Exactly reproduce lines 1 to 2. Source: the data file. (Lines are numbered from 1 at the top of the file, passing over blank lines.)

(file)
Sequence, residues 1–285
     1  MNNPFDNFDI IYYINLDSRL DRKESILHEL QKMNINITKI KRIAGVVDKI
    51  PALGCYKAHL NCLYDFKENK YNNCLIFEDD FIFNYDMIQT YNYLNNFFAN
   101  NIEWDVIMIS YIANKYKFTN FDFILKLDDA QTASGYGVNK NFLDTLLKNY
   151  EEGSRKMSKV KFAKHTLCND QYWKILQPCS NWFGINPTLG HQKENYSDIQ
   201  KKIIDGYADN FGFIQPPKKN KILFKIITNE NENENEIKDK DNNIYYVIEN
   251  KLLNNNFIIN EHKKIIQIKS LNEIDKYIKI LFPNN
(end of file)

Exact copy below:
Sequence, residues 1–285
     1  MNNPFDNFDI IYYINLDSRL DRKESILHEL QKMNINITKI KRIAGVVDKI